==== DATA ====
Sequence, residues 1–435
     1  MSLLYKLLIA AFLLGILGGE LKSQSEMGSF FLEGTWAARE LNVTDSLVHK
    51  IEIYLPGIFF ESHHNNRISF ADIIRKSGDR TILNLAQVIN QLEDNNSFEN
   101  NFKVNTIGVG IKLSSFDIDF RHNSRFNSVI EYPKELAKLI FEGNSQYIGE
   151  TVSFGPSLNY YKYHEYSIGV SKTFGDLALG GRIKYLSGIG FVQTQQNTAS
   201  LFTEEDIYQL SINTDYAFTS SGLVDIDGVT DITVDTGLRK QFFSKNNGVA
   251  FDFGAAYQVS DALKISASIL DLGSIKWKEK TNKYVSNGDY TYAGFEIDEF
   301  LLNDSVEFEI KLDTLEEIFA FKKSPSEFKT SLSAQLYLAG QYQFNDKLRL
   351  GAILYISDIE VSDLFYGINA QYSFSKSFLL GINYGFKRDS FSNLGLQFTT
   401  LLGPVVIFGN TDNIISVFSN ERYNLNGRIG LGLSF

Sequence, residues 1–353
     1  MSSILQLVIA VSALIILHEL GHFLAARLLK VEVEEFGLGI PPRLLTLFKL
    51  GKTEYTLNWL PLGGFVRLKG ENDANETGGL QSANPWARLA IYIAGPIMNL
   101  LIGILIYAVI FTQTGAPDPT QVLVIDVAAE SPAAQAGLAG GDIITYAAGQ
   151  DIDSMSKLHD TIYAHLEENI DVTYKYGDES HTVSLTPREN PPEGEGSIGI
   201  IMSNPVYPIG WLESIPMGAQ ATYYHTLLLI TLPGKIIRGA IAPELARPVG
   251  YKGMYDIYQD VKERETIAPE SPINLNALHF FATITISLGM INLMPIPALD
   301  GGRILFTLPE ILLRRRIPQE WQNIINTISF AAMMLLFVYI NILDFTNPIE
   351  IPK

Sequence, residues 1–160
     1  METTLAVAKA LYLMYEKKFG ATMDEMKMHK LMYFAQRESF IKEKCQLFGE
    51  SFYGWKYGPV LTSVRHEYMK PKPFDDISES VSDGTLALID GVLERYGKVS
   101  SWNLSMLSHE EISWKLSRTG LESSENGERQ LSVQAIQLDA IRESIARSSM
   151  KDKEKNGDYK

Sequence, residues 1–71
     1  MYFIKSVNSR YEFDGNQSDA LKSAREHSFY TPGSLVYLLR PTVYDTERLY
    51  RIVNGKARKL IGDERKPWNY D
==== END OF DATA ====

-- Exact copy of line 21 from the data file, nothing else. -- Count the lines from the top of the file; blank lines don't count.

     1  METTLAVAKA LYLMYEKKFG ATMDEMKMHK LMYFAQRESF IKEKCQLFGE